classification
Title: Document whether strings implement __iter__
Type: enhancement Stage:
Components: Documentation Versions: Python 3.4, Python 3.3, Python 3.2, Python 3.1, Python 2.7, Python 2.6
process
Status: closed Resolution: not a bug
Dependencies: Superseder:
Assigned To: docs@python Nosy List: chris.jerdonek, docs@python, georg.brandl, rhettinger
Priority: normal Keywords:

Created on 2012-04-08 10:05 by chris.jerdonek, last changed 2012-04-08 22:05 by chris.jerdonek. This issue is now closed.

Messages (7)
msg157783 - (view) Author: Chris Jerdonek (chris.jerdonek) * (Python committer) Date: 2012-04-08 10:05
While converting code from Python 2 to Python 3, I came across the "gotcha" that strings implement __iter__ in Python 3 but not in Python 2.

Looking through the documentation, I don't seem to see anything like this mentioned in the library portion of either Python 2 or 3's documentation:

http://docs.python.org/library/stdtypes.html#iterator-types
http://docs.python.org/py3k/library/stdtypes.html#iterator-types

Or in the documentation describing differences between 2 and 3:

http://docs.python.org/release/3.0.1/whatsnew/3.0.html

In fact, the Python 2 and 3 sections on iterator types seem largely the same.  Python 2's documentation even seems a bit misleading in this regard.  At the beginning of this section, it says, "Sequences, described below in more detail, always support the iteration methods [of which __iter__() is the main one]."  And str and unicode are the first two types mentioned in that next section on sequence types.

Here is a blog post I came across about this issue:

http://plope.com/Members/chrism/python_2_vs_python_3_str_iter

I think it would be worth highlighting this issue somewhere in the Python documentation, or at least acknowledging the change (unless I'm simply looking in the wrong place, in which case maybe it should be made more visible).
msg157784 - (view) Author: Georg Brandl (georg.brandl) * (Python committer) Date: 2012-04-08 10:16
Why is it so important if strings implement __iter__?  They are iterable in both versions, since iteration falls back on __getitem__ if no __iter__ is defined.  For user code it is irrelevant which of the iteration protocols is present.
msg157785 - (view) Author: Chris Jerdonek (chris.jerdonek) * (Python committer) Date: 2012-04-08 10:39
It is not "so important."  I just feel that the change should be acknowledged somewhere -- insofar as the existing user documentation on iterator types already discusses __iter__().  As it stands now, the Python 2 documentation is a bit misleading because it seems to suggest that strings implement __iter__().

With regard to falling back to __getitem__(), that might actually be worth mentioning in the section on iterator types.  Up until today, I didn't know there was a distinction between a "sequence protocol" and an "iterator protocol," as discussed here, for example--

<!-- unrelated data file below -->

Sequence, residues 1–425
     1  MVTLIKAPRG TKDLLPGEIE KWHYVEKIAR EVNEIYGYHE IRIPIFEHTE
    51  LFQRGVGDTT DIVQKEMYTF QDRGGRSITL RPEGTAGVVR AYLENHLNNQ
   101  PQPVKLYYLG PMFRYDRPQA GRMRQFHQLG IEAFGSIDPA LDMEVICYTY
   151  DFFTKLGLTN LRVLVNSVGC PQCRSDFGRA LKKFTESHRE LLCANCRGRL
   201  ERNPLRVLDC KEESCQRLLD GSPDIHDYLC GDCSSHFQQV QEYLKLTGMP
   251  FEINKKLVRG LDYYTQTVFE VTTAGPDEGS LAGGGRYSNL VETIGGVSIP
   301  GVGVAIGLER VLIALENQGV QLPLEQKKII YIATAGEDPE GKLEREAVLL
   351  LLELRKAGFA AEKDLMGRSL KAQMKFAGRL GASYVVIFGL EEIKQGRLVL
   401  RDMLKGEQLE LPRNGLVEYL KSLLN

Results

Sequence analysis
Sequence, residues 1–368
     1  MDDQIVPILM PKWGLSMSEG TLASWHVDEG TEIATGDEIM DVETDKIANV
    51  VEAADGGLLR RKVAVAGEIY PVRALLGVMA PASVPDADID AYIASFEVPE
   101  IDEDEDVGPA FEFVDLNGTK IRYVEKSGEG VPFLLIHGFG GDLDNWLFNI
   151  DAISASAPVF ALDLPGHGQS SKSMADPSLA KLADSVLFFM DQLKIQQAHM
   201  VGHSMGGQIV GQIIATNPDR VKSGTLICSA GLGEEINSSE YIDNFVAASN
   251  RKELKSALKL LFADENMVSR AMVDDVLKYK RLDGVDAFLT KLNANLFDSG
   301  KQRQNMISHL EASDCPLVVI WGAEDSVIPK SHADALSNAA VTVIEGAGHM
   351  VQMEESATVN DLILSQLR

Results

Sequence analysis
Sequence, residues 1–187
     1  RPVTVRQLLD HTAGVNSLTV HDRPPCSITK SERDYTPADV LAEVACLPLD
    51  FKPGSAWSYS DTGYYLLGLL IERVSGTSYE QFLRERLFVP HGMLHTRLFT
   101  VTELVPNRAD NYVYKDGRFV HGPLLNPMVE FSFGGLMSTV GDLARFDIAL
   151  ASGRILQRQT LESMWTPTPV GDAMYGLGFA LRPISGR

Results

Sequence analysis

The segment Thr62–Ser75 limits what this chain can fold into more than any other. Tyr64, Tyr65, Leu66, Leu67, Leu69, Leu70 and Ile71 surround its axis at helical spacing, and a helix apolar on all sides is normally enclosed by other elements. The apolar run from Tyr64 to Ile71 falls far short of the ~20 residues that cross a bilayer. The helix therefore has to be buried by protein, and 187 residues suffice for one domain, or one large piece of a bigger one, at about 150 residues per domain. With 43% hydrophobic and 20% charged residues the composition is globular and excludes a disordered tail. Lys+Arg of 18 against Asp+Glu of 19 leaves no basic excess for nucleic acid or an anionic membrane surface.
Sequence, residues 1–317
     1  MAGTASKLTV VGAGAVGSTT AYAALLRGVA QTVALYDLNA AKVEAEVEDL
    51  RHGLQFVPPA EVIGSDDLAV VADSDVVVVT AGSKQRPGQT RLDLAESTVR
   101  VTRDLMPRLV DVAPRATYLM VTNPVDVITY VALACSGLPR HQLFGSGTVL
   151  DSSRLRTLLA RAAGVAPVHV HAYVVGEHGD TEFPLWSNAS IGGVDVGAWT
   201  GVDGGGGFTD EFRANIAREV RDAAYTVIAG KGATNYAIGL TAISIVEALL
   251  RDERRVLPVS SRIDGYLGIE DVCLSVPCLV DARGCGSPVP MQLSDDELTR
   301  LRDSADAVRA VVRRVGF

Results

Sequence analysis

http://blog.axant.it/archives/306

For user code, the user might want different behavior depending on whether something behaves like a list.  For that, they might be relying on something like the presence of __iter__().
msg157786 - (view) Author: Georg Brandl (georg.brandl) * (Python committer) Date: 2012-04-08 10:43
"behaves like a list" is misleading.  If you mean checking for iterable-ness, calling iter() on the object is the way to do it.
msg157787 - (view) Author: Chris Jerdonek (chris.jerdonek) * (Python committer) Date: 2012-04-08 11:04
Okay, then that also might be worth mentioning.  As it stands now, the emphasis in the section on iterator types is on __iter__() (e.g. it is the main focus of the introduction), whereas iter() is barely mentioned (only in the sections on dicts and file objects).  So in addition to the suggestions above, perhaps the introduction to the section on iterator types could include a link to the iter() function with a description of its relationship to iterator types.
msg157808 - (view) Author: Raymond Hettinger (rhettinger) * (Python committer) Date: 2012-04-08 20:13
Sorry, I agree with Georg, this isn't a bug, not even a documentation bug.  A type is free to implement iteration either by way of __iter__ or by way of __getitem__.  How it chooses to do so is an implementation detail (and different implementations have made different choices).
msg157812 - (view) Author: Chris Jerdonek (chris.jerdonek) * (Python committer) Date: 2012-04-08 22:05
Is there a mechanism for suggesting improvements to the documentation (e.g. for pedagogical reasons)?  I tried to classify this as an enhancement request rather than as a bug.
History
Date User Action Args
2012-04-08 22:05:12chris.jerdoneksetmessages: + msg157812
2012-04-08 20:13:20rhettingersetstatus: open -> closed

nosy: + rhettinger
messages: + msg157808

resolution: not a bug
2012-04-08 11:04:01chris.jerdoneksetmessages: + msg157787
2012-04-08 10:43:41georg.brandlsetmessages: + msg157786
2012-04-08 10:39:16chris.jerdoneksetmessages: + msg157785
2012-04-08 10:16:35georg.brandlsetnosy: + georg.brandl
messages: + msg157784
2012-04-08 10:05:37chris.jerdonekcreate